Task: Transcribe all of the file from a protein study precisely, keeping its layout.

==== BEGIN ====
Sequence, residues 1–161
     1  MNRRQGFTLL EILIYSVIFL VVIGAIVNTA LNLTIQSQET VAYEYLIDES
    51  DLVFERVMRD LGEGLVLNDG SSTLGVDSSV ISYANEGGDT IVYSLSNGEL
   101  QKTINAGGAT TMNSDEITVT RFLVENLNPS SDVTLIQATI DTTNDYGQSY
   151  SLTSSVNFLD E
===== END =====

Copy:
Sequence, residues 1–161
     1  MNRRQGFTLL EILIYSVIFL VVIGAIVNTA LNLTIQSQET VAYEYLIDES
    51  DLVFERVMRD LGEGLVLNDG SSTLGVDSSV ISYANEGGDT IVYSLSNGEL
   101  QKTINAGGAT TMNSDEITVT RFLVENLNPS SDVTLIQATI DTTNDYGQSY
   151  SLTSSVNFLD E